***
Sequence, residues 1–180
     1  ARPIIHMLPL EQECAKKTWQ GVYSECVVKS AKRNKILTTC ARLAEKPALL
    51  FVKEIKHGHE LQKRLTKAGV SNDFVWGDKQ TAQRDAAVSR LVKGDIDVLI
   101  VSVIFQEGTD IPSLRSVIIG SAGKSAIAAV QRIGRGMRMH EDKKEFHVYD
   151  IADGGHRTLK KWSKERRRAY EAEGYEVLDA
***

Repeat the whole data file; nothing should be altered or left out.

Sequence, residues 1–180
     1  ARPIIHMLPL EQECAKKTWQ GVYSECVVKS AKRNKILTTC ARLAEKPALL
    51  FVKEIKHGHE LQKRLTKAGV SNDFVWGDKQ TAQRDAAVSR LVKGDIDVLI
   101  VSVIFQEGTD IPSLRSVIIG SAGKSAIAAV QRIGRGMRMH EDKKEFHVYD
   151  IADGGHRTLK KWSKERRRAY EAEGYEVLDA